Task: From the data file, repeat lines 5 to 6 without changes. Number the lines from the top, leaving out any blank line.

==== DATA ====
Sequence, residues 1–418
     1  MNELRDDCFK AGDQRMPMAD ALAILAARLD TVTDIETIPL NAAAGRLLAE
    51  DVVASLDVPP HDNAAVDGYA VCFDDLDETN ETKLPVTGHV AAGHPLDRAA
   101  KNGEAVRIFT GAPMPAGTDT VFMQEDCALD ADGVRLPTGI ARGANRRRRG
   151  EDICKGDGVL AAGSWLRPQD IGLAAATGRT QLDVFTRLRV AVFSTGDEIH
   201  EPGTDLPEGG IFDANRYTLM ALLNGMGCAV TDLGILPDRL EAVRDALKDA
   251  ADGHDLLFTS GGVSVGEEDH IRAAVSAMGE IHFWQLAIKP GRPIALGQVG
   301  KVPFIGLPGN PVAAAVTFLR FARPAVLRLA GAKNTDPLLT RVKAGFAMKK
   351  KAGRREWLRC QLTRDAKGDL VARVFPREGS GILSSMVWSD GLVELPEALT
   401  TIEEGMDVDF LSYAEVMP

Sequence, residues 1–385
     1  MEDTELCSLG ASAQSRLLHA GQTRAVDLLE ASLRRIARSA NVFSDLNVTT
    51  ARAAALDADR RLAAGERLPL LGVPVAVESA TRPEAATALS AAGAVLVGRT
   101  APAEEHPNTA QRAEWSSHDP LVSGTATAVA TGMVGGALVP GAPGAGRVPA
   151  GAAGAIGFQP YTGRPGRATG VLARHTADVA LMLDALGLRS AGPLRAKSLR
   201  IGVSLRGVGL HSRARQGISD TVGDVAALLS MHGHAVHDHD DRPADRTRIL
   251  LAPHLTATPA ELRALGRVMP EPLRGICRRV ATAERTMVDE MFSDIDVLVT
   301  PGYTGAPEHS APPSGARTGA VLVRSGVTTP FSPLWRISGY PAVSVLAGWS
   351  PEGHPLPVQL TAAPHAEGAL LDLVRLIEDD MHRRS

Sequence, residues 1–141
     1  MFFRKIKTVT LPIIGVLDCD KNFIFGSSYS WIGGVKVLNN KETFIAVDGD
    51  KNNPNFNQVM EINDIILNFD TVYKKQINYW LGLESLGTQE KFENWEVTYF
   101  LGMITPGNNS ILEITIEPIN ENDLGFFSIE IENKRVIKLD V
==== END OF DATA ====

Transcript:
   151  EDICKGDGVL AAGSWLRPQD IGLAAATGRT QLDVFTRLRV AVFSTGDEIH
   201  EPGTDLPEGG IFDANRYTLM ALLNGMGCAV TDLGILPDRL EAVRDALKDA